Our Journey Raising Two Children with Special Needs

This blog chronicles our life raising two children, Nicholas 14, diagnosed with Prader-Willi Syndrome and Weston 17, diagnosed with Autism/Asperger's/ADHD. It's the ups, the downs, the joys, the sorrows and most importantly, the beauty of living a life less perfect, a life more meaningful.




Monday, July 13, 2015

A Quiet Start

Before agreeing to Nick's new placement, I negotiated an important stipulation with the school. I asked and was awarded an opportunity to present a PowerPoint presentation to his new IEP team.

I hoped this “show” would not only educate these folks on the seriousness of Prader Willi Syndrome but also help them to see Nicholas, as the kind-hearted and loving young man he has become...despite his medical complexity.


The "big day" was scheduled for June 15.

I was nervous.

The quality of my presentation would go a long way to either helping or hindering my ability to inspire these folks into action. Could I get this group to see Nick as a child like any other, deserved of their extra attention and effort?

Buy-in from this new team, I believed, would be critical to Nick's ability to be successful in transitioning to this new environment.

I shared my fears about this upcoming presentation with Nick's current teachers.

True to their helpful spirits, they created two documents for me to use. One, was a list of important guidelines I should use in my presentation to help educate a new staff. The other, was a heartfelt letter they addressed to Nick's new teachers. It was a description of everything they had learned in the last few years, tools that aided them in their desire to relate better to Nicholas. It was a helpful guide expressed with their undeniable love and concern for Nick's welfare.

It was exactly what I needed.

Finally, the day of my fateful presentation arrived.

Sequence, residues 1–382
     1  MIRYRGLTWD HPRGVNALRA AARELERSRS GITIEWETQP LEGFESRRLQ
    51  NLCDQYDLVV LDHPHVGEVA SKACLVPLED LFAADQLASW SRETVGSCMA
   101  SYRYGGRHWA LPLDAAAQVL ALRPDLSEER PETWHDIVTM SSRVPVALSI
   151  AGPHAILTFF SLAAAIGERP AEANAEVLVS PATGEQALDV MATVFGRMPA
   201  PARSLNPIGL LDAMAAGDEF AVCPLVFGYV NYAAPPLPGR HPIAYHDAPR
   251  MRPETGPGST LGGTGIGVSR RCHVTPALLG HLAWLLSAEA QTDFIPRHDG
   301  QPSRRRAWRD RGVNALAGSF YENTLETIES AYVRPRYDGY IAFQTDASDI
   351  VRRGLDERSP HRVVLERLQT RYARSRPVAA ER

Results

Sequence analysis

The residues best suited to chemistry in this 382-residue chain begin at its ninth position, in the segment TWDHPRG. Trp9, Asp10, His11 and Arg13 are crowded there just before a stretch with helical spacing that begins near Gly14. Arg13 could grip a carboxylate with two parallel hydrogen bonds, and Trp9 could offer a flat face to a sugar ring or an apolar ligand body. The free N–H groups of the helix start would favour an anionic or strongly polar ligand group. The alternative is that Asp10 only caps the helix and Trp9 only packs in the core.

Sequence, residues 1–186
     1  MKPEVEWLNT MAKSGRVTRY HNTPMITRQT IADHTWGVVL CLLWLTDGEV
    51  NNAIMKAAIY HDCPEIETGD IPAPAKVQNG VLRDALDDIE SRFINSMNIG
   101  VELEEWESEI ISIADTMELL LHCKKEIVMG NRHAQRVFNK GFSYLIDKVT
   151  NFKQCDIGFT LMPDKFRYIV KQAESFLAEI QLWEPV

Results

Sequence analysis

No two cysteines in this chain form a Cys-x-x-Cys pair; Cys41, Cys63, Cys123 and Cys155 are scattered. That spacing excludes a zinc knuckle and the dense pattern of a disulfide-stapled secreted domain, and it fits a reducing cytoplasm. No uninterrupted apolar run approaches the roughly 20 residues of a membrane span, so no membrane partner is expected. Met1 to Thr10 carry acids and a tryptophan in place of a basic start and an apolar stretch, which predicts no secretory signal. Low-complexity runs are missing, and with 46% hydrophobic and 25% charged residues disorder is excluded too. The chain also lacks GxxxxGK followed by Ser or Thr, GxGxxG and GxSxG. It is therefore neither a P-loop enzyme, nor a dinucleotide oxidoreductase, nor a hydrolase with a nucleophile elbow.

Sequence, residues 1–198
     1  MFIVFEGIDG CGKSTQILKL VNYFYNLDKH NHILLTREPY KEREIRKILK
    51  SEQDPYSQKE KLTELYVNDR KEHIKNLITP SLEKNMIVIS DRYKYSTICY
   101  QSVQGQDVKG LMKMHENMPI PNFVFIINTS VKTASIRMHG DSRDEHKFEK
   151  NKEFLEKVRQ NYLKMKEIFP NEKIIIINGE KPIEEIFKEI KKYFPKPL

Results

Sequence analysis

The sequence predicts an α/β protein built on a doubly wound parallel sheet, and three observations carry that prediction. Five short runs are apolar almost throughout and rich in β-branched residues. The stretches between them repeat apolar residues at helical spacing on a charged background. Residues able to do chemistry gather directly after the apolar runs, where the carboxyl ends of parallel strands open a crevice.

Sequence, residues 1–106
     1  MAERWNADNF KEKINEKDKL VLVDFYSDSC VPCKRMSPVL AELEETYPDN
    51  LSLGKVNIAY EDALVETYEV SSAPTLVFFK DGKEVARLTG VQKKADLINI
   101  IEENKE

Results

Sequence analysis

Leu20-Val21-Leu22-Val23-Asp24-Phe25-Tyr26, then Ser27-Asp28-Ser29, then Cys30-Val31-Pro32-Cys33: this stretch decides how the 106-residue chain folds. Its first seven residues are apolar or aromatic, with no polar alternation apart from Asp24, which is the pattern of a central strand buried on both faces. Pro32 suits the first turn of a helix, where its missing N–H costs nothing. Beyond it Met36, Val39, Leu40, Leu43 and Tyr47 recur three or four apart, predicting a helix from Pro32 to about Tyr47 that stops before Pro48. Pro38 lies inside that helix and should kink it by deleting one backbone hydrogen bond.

I was lead into a small conference room where about 12 individuals were seated. There were teachers, nurses, therapists, coordinators, secretaries and even the big and burly, Dean of Students. Noticeably absent however, was the Principal and the Director of Special Needs, folks, I believed were critical to inspiring their staff into action.

Despite their absence, I proceeded with my presentation.

It flowed smoothly. I spoke from my heart. I felt calm and confident; anxious to inspire this new group of educators.

They were quiet and attentive. They asked several thoughtful questions. They seemed riveted as their faces rarely left the PowerPoint screen.

But as I wrapped up my presentation with the final slide, there was complete silence and what appeared to be an overwhelming sadness.

They sat frozen in their seats, unable or unwilling to move.

I told them it was not my intention to make them sad; but instead, I was hoping to inspire them. I gave them a copy of the letter from Nick's current teachers.

Still, they seemed unable to speak.

I believe I may have overwhelmed them.

As a long-time caregiver, I am accustomed to the severity of Nick's food-seeking syndrome and the potential it has for causing some dire or even deadly consequences.

I had forgotten what it is like to be introduced to this concept......for the first time.

I do not know if I was successful at motivating this new team.

Or if perhaps, I frightened them instead?

Dealing with the complexity of Nick's diagnosis is a scary and overwhelming responsibility.

It takes a special kind of bravery,

a fearlessness in one's heart,

a steadfast desire to be willing to assist this kind-hearted boy to deal with such a bizarre and debilitating illness.

Does this new group possess this type of strong, united and willing spirit?

I do not know.

I guess, only time will tell.